THE NIGHT CIRCUS: I've heard great things about this debate fantasy novel by Erin Morgenstern and happened upon a Canadian paperback edition at a rummage sale last spring(which looks very similar to the US one) that has been sitting on one of my many TBR piles for awhile now.

Therefore, this readathon is the perfect opportunity to check out this fable of Celia and Marco,two star crossed lovers trained to battle each other with magic yet wind up falling under the spell of love. Add the circus environment that these two grow up in and this sounds like quite the enchanting literary treat:

THE SUN ALSO RISES: I did set one of my goals for the year to give Hemingway a chance and now that the book is here in my home, taking it up during a readathon seems the right time to give it a page turning whirl.

The story of Jake Barnes and his dissolute companions as they make their way through Europe is said to be a tragic love story as well as a look into the mind set of the Lost Generation, those disillusioned young people affected by the social changes brought about by WWI.

Either way, or perhaps both, the novel has held up for a good long while here and it's brisk pace should suit my literary needs this week. Maybe I'll even see the film version of it, if I can find it on Netflix, that is:

DARK PLACES: This book does have a film version that's in my Netflix queue but I want to read it first. This is an early novel of Gillian Flynn's(written just before Gone Girl) that has another offbeat leading lady at the helm.

Libba Day is known as the sole survivor of a family massacre, which her brother Ben was sent to prison for, due to her testimony. Twenty five years later, a group who call themselves The Kill Club contact Libba in order to get more information about the night in question.

They want to prove that Ben is innocent and she's willing to help them as long they pay her for her trouble. As Libba digs into that dark night of terror, she discovers things that she never knew before and finds an answer that may be more shocking than she or the Kill Club ever imagined. I am intrigued, to say the least:

That's my unlikely trio of AWR books,folks; wish me luck! I do think this will be a nice change of pace and a good way to settle into the post holiday season. My only small complaint is that we have no snow in my neck of the woods.

Mind you, I'm not asking for a blizzard or anything like that. Just a couple of solid inches that would allow for a snowball fight or a lovely sleigh ride(not that I have a sleigh, it's simply the idea of having that option available). Oh, well, perhaps my fellow AWR readers will enjoy some snowy goodness on their book journey this week and I can be happy for them as we all read together:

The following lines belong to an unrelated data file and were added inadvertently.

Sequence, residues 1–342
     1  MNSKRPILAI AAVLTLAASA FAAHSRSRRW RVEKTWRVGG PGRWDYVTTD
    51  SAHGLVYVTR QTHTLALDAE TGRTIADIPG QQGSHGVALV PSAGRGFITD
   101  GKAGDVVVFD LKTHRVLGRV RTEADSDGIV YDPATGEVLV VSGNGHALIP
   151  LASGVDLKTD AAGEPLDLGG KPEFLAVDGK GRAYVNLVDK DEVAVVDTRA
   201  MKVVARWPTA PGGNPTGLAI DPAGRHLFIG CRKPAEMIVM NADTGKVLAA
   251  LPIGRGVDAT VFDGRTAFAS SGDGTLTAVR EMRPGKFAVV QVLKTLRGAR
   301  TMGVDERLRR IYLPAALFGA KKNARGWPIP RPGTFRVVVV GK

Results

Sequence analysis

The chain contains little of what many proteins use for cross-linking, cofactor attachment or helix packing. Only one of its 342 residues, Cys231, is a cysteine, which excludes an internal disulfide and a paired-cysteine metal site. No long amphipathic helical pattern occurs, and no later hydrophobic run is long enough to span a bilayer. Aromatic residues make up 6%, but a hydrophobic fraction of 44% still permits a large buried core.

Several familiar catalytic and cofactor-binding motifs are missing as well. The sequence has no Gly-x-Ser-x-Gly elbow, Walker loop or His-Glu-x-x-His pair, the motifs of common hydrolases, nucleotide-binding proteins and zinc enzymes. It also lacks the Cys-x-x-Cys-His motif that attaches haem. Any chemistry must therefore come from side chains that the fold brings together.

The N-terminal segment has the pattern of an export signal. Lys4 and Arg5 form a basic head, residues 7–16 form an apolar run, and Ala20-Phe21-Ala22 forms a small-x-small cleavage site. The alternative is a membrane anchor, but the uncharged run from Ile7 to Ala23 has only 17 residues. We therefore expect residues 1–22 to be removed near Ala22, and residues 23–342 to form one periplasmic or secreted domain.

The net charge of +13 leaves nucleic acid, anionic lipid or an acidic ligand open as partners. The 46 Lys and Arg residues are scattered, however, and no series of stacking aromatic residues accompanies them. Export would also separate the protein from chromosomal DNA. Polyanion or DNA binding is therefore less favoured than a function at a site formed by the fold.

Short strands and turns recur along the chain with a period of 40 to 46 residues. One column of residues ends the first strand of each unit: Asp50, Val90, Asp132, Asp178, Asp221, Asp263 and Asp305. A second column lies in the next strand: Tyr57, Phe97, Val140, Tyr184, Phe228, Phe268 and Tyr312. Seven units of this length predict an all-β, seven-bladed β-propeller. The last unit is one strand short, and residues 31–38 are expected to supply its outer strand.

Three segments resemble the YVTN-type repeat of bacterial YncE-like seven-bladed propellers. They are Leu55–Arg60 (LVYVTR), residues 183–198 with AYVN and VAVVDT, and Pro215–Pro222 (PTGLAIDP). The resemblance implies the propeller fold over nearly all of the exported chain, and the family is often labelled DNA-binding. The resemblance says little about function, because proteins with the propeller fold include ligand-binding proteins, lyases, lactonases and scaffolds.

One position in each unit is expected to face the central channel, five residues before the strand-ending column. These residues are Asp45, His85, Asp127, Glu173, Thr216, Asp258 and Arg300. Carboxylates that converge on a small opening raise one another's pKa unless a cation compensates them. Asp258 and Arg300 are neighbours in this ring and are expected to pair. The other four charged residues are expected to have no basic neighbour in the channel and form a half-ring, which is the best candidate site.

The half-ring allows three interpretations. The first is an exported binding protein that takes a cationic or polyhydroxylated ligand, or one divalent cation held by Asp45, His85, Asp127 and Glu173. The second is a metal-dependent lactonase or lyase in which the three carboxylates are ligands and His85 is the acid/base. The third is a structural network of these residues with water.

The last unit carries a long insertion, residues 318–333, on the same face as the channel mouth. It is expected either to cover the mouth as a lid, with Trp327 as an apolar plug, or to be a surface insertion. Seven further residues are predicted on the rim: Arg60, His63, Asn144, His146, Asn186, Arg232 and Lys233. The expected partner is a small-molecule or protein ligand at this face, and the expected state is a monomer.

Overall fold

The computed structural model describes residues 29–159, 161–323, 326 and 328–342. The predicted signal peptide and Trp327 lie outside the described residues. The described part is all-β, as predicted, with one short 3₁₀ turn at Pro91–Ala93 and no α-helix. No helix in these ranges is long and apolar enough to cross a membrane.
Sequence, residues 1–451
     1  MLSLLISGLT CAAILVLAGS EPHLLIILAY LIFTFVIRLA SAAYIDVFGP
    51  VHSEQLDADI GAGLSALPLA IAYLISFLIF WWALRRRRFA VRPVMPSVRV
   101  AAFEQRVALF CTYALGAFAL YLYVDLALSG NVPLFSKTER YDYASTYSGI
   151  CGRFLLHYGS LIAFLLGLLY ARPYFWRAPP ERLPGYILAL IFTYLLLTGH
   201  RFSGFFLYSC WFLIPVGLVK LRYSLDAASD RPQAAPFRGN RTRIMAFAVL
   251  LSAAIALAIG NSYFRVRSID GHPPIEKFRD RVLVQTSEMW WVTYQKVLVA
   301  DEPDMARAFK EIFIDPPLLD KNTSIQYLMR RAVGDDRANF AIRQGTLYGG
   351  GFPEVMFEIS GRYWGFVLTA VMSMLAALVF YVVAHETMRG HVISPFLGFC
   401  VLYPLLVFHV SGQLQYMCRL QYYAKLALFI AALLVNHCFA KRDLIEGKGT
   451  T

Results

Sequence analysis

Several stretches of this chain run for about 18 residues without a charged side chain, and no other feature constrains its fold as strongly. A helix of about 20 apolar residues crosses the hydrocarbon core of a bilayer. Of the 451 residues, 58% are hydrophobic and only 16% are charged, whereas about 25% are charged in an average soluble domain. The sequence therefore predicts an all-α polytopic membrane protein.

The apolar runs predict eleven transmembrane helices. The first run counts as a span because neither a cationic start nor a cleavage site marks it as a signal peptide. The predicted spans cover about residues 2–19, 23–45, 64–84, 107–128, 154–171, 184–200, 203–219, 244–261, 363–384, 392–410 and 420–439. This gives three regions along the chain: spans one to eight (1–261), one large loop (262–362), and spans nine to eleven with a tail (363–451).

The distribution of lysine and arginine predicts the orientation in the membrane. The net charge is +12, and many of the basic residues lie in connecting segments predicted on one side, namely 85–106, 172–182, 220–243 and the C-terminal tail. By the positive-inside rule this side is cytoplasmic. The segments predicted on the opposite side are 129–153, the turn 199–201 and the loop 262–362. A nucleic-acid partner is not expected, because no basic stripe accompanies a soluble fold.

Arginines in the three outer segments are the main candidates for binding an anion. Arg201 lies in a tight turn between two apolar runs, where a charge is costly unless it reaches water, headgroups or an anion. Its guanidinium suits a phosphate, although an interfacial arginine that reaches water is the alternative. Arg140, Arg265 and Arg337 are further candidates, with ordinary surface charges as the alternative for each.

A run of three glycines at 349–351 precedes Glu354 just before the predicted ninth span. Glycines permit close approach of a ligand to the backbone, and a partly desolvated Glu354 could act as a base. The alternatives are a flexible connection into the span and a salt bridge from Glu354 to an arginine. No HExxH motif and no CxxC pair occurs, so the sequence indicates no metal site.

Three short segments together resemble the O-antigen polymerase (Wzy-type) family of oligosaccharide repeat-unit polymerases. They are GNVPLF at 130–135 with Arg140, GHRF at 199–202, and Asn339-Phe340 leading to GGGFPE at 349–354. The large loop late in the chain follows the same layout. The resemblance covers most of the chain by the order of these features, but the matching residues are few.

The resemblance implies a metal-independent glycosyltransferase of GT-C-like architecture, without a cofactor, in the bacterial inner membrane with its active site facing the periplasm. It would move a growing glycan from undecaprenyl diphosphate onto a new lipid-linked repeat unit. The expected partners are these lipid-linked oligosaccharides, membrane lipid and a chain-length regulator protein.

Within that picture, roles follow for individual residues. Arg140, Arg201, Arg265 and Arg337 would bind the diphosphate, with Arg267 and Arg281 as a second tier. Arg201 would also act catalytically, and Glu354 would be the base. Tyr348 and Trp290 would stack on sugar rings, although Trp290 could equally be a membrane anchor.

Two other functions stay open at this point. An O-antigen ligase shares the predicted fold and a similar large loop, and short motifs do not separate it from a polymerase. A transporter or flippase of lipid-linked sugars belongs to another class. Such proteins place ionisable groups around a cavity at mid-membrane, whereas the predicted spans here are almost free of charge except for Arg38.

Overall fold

Thursday, January 14, 2016

Sighing over the Oscars and not in a good way

The nominations for the 88th Academy Awards were announced this morning and as usual, not too many surprises both good and bad. As a longtime fan, I should know what to expect by now yet I can't help hoping for sweeping new changes and faces to crop up in certain categories.

While there were a few noms that pleased me greatly, there are also far too many exclusions and odd choices to balance that out properly. Sure, it's great news that The Revenant got 12 nominations(guess Leo will finally get that Best Actor award he's been wanting for so long) and we all knew movies like The Martian, Inside Out and Joy would be well represented here.

However, that doesn't excuse the Academy for yet another year of "what the hell?" type of nominees, especially since this list proves just how out of touch they are with audiences and critics alike:


Let's start off on a positive note, as there were a few nice surprises. I did anticipate that Saoirse Ronan would be included in the Best Actress category but not that her movie Brooklyn  would also earn a Best Picture nod as well as Best Adapted Screenplay. For a little movie like that, it's a huge deal.

 Also happy that Room was given four nominations, including Best Picture and Adapted Screenplay, not to mention Brie Larson being a major contender in the Best Actress section.

 While I haven't seen the film yet, the novel by Emma Donoghue was an amazing read and not a story easily made into a movie, so for all involved, this is quite the artistic success.

Plus, I think that Larson has a real shot at winning the Oscar. Jennifer Lawrence already won one,as did Cate Blanchett recently, so no dire need to give either of them won. Charlotte Rampling is a grand actress but chances are that this will come down to either Ronan or Larson.

They're both wonderful character actresses but I do believe that Brie's performance, as a woman finally freed from captivity and struggling with living in the regular world along with her child, might edge Saoirse out:


Once again, we have a batch of vanilla candidates in the acting categories and just as sugary white films under consideration as well. Why the love for Steve Jobs? Nobody cared to see it when it was out at theaters and for good reason, many of us don't feel sorry for or relate to a millionaire computer genius who's a reluctant dad.

Both audiences and critics connected better to films such as Straight Out of Compton(which was mostly overlooked) and Creed, that gained it's white co-star Slyvester Stallone a Best Supporting Actor spot but ignored leading man Michael B. Jordan.